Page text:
What exactly is cholesterol? And what is a good cholesterol level? All of the cells in your body contain cholesterol, which resembles waxy fat. In addition to being produced by your liver, cholesterol may also be found in some foods including meat and dairy. To function effectively, your body requires some cholesterol. Cholesterol is essential for the body to function properly, as it is used to build cell membranes and make hormones, vitamin D, and bile acids that aid in digestion. However, you are more likely to develop coronary artery disease if you have too much cholesterol in your blood.
What Is Cholesterol?
Lipids, sometimes known as fats, include cholesterol and triglycerides. These fats are crucial for cell function, but when they accumulate in the blood, they can be dangerous. Atherosclerosis, a disorder marked by blocked, inflamed arteries, can occasionally result from them. If the arteries in your heart muscle are blocked, this might prevent your heart from functioning correctly.
What Are Different Types Of Cholesterol?
Since lipids (cholesterol and triglycerides) are hydrophobic (repel water), they cannot dissolve in the watery bloodstream on their own. However, when they are combined with proteins (Lipoprotein), they can be transported throughout the body in the bloodstream. There are several types of lipoproteins including low-density lipoprotein (LDL), high-density lipoprotein (HDL), and very low-density lipoprotein (VLDL). LDL is often called “bad” cholesterol, while HDL is known as “good” cholesterol, as it helps to remove excess cholesterol from the bloodstream.
What Is A Good Cholesterol Level? The Test
The procedure and method of the test, your age, gender, health history, and other factors may affect the test findings. Your test findings might not indicate an issue with you. Find out what your test findings signify by asking your healthcare practitioner. Results are presented in mg/dL or milligrams per deciliter. The ranges for adults’ total cholesterol are:
Total Cholesterol Good Levels
Total Cholesterol Levels
200 to 239 mg/dL
> 240 mg/dL
But, when it comes to good cholesterol (HDL), remember more is better.
Good Cholesterol / HDL Levels
Good Cholesterol Levels
Less than 40 mg/dL (1.0 mmol/L)
60 mg/dL (1.6 mmol/L) or above
Less than 50 mg/dL (1.3 mmol/L)
60 mg/dL (1.6 mmol/L) or above
What Influences Cholesterol Level? How To Reduce It?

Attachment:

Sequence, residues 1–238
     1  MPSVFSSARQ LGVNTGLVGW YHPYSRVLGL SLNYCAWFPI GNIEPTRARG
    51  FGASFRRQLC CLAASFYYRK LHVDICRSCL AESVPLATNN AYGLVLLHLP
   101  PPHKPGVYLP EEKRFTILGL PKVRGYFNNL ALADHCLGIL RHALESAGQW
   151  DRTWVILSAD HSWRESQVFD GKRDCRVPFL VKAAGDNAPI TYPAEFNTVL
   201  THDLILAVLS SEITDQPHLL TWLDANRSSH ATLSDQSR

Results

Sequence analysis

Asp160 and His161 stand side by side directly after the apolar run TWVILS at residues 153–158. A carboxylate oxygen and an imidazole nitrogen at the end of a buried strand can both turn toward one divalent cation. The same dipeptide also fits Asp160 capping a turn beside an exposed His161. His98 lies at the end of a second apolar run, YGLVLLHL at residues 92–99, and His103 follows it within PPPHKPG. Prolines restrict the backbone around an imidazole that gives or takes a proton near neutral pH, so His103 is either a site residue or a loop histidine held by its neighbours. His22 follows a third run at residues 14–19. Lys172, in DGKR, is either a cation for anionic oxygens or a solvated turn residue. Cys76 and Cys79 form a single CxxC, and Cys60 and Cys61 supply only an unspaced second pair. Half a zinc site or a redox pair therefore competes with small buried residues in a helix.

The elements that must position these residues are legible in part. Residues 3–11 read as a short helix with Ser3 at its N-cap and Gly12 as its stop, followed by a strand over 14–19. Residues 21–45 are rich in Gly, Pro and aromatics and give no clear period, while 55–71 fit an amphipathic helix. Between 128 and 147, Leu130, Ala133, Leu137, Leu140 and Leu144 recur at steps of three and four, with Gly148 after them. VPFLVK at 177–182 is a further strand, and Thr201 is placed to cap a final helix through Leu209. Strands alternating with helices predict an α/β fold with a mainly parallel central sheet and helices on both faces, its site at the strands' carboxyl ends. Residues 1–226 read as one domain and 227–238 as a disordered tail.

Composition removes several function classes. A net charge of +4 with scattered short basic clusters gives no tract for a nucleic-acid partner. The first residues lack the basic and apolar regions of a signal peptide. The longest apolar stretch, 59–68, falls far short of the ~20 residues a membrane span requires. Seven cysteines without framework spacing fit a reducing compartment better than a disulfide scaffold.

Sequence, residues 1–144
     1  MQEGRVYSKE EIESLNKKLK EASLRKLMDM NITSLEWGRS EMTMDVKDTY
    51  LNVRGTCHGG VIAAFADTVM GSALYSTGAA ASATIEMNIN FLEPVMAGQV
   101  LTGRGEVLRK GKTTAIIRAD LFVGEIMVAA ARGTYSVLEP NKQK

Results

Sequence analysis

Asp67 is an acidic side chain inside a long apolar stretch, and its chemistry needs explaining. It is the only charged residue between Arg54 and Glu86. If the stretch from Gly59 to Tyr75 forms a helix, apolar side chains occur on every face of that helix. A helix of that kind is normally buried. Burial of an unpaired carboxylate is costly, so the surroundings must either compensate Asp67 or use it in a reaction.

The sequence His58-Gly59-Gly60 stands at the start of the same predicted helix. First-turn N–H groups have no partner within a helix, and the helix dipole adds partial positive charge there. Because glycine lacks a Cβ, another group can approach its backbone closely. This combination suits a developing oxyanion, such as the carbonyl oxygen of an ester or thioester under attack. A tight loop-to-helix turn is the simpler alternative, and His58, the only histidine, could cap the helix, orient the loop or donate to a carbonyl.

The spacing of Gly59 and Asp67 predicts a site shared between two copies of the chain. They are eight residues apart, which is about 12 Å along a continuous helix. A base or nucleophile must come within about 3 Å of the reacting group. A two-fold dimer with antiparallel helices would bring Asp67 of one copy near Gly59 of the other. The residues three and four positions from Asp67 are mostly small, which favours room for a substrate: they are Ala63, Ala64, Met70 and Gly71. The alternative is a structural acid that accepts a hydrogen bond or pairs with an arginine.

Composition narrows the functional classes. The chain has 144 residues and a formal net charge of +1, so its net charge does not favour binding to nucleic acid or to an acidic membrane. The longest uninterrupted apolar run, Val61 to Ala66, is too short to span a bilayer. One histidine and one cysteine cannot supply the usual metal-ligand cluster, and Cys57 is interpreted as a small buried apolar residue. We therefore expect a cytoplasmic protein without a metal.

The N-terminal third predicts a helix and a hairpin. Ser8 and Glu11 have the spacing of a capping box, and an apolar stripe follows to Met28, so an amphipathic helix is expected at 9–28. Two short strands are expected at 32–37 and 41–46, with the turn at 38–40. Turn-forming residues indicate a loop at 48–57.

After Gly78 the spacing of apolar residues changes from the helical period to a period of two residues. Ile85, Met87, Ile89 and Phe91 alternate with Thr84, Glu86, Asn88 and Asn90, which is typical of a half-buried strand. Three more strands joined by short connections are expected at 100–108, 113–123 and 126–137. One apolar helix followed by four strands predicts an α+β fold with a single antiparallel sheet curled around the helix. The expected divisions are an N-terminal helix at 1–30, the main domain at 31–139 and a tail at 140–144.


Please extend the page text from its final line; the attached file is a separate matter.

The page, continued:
What influences the levels of cholesterol? Cholesterol levels can be impacted by a variety of factors. You may do the following to decrease your cholesterol levels:
Diet – Your blood cholesterol level increases as a result of consuming foods high in saturated fat and cholesterol. The major issue is saturated fat, but food’s cholesterol content is important as well. Lowering your dietary intake of saturated fat can help decrease your blood cholesterol levels. Some meats, dairy products, chocolate, baked goods, deep-fried meals, and processed foods are among the foods that contain a lot of saturated fats.
Weight – Heart disease is more likely to occur if you are overweight. Additionally, weight often raises cholesterol. Your LDL (bad) cholesterol, total cholesterol, and triglyceride levels can all be decreased with weight loss. Additionally, a decrease in weight increases HDL (good cholesterol).
Smoking – Smoking cigarettes decreases your HDL (good) cholesterol. Your arteries can be cleared of harmful cholesterol thanks to HDL. Therefore, having decreased HDL might result in greater levels of harmful cholesterol.
Physical exercise – Heart disease is a risk factor for people who are not physically active. Regular exercise can increase HDL levels while lowering LDL. Additionally, it aids with weight loss. On most days, if not all of them, you should attempt to engage in 30 minutes of physical activity.
Controlling stress- Chronic stress has been linked to an increase in LDL cholesterol and a decrease in HDL cholesterol, according to research.
Factors Out Of Your Control That Affect Cholesterol Levels
Factors beyond your control can also affect cholesterol levels. Here are some of them:
Age and gender – Cholesterol levels increase with age. Women have lower total cholesterol levels than males do at the same age before menopause. Women’s LDL (bad) cholesterol levels often increase after menopause.
Heredity – How much cholesterol your body produces is partially influenced by your genes. A family history of high blood cholesterol may exist.
Race – Racial groups may be more susceptible to elevated blood cholesterol. For instance, compared to white people, African Americans often have greater levels of HDL and LDL cholesterol.
In conclusion, cholesterol levels are influenced by a variety of factors, including diet, weight, smoking, physical exercise, and stress. While some of these factors can be controlled, others are beyond our control, such as age, gender, heredity, and race. Understanding the factors that impact our cholesterol levels is important for maintaining heart health and preventing cardiovascular disease. Regular cholesterol testing and consultation with a healthcare practitioner can help individuals make informed decisions about their diet, exercise, and lifestyle to manage their cholesterol levels and reduce their risk of heart disease.